Gateshead Health NHS rated positively in CQC’s Urgent and Emergency Care Survey

Gateshead patients praise the Trust’s staff, communication and facilities, as well as feeling that they are treated with dignity and respect.

The Care Quality Commission (CQC) undertakes an annual survey of people who use urgent and emergency care services. The results of the 2022 survey were released today. More than 270 patients of Gateshead Health NHS Foundation Trust responded to the survey, giving it a higher score than the majority of trusts in three key areas related to the cleanliness of the A&E department, help with communication while in the hospital and understanding who they could contact for further advice after leaving the site.

Overall, the survey gathered the opinions of 29,357 patients across 122 NHS trusts with a major, consultant-led accident and emergency (A&E) department, including the Queen Elizabeth Hospital Gateshead. Any patient aged 16 years or older who had visited A&E during September 2022 was eligible to complete the survey.

The Trust also scored well on a range of questions assessing how well staff listened to what patients had to say and the extent to which they experienced privacy, dignity and respect during their time in A&E.

Neil Halford, Medical Director of Operations and Consultant in Emergency Medicine from Gateshead Health NHS Foundation Trust said:

“We’re pleased with the results of the CQC’s survey that comes at a time when the Emergency Department remains under significant pressure to meet the needs of the community that it serves. I was particular pleased to see that our approach to caring for patients and how we communicate with our service users was found to be positively rated by those that responded to the survey. Ensuring dignity and respect for all is very much the ethos of the Department and the wider Trust. Our urgent and emergency care staff continue to work incredibly hard, and I am delighted to see their efforts recognised in this way.”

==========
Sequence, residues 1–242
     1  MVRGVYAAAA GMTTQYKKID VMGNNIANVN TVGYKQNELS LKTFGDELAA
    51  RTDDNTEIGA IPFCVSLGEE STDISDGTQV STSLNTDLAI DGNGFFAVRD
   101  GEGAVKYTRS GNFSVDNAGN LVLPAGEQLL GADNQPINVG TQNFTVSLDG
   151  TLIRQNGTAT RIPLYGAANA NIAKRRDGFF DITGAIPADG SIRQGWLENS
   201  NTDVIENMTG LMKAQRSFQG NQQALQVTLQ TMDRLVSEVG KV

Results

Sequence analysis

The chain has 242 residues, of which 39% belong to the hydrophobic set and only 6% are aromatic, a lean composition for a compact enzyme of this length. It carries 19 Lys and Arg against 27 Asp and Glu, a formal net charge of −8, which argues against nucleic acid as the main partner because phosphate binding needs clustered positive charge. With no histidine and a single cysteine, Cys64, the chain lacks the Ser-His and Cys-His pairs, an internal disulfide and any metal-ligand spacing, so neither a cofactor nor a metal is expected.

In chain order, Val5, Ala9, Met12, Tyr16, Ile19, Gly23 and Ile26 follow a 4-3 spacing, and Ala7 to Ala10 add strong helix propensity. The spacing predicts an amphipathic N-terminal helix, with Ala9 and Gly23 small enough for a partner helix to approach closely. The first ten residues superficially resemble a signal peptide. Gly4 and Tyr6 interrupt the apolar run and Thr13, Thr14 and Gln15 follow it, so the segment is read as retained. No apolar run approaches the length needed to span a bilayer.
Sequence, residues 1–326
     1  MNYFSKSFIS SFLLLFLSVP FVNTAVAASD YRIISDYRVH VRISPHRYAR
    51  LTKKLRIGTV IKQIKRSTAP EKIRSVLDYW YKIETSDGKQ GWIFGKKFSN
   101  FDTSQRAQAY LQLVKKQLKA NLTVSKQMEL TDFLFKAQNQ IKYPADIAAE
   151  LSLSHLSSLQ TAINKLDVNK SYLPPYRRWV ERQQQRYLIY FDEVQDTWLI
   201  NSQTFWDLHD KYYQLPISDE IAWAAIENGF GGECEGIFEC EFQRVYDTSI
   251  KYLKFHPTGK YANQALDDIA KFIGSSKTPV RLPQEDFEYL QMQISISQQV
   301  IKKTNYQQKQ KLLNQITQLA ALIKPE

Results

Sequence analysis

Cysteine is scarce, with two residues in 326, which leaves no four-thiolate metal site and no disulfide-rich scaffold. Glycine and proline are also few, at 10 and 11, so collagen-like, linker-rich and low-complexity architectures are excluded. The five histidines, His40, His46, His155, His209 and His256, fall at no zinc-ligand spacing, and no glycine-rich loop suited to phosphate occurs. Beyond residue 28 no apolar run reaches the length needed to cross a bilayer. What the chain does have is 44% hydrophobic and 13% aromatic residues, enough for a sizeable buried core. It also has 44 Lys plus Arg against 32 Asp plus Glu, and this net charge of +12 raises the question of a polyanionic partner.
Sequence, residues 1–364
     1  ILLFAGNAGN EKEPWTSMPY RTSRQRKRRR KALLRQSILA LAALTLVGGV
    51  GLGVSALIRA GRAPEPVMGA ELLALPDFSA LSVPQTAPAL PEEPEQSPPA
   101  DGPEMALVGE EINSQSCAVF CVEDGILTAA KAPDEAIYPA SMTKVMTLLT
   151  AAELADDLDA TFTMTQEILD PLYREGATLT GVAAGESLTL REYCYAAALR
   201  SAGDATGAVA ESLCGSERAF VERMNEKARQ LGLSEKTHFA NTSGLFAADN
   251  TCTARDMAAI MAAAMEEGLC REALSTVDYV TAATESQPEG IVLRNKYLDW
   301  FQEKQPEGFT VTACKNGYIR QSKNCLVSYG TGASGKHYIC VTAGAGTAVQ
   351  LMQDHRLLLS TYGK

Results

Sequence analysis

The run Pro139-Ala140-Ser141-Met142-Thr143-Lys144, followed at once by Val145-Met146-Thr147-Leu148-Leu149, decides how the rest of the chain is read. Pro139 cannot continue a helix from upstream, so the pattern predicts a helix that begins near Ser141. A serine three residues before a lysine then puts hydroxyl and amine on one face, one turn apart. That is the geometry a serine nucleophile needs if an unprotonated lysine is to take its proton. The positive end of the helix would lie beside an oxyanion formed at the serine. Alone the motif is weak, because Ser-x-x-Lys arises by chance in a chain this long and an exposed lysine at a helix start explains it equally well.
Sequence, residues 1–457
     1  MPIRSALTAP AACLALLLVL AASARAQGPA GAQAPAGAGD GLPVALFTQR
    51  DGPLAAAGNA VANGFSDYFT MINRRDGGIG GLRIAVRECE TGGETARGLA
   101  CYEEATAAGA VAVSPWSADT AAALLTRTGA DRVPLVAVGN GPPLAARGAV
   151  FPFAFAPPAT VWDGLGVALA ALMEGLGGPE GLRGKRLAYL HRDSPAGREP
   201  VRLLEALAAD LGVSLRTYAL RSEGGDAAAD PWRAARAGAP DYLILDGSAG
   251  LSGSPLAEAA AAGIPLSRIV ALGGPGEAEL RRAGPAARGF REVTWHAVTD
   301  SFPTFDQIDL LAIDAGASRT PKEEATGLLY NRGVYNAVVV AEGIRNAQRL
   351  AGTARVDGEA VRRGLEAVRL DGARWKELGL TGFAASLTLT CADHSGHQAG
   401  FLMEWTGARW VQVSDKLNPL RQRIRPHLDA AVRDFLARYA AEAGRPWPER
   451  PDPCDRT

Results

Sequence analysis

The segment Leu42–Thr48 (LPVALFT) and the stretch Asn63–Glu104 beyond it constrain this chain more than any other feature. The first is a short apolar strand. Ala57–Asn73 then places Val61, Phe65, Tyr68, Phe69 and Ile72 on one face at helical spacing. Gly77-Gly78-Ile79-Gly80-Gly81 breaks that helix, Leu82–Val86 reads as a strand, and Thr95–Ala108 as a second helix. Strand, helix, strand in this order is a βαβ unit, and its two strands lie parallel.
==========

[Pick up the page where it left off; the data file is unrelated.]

The three questions where Gateshead Health NHS Foundation Trust scored better than other trusts are:

  • While you were in A&E, did staff help you with your communication needs?
  • In your opinion, how clean was the A&E department?
  • Did hospital staff tell you who to contact if you were worried about your condition or treatment after you left A&E?

Other questions the Trust scored well on are:

  • Did the doctors and nurses listen to what you had to say?
  • Did doctors or nurses talk to each other about you as if you weren’t there?
  • Were you given enough privacy when being examined or treated?
  • If you had any tests, did a member of staff explain why you needed them in a way you could understand?
  • While you were in A&E, did you feel threatened by other patients or visitors?
  • Did a member of staff explain the purpose of the medications you were to take at home in a way you could understand?
  • Overall, did you feel you were treated with respect and dignity while you were in A&E?

The CQC and NHS England use results from the survey to build an understanding of the quality of services available across an area. Listening to patients’ experiences plays a crucial part in delivering services that are safe, effective and continuously improving. Individual trusts can also use the survey to guide and inform their own improvement activities.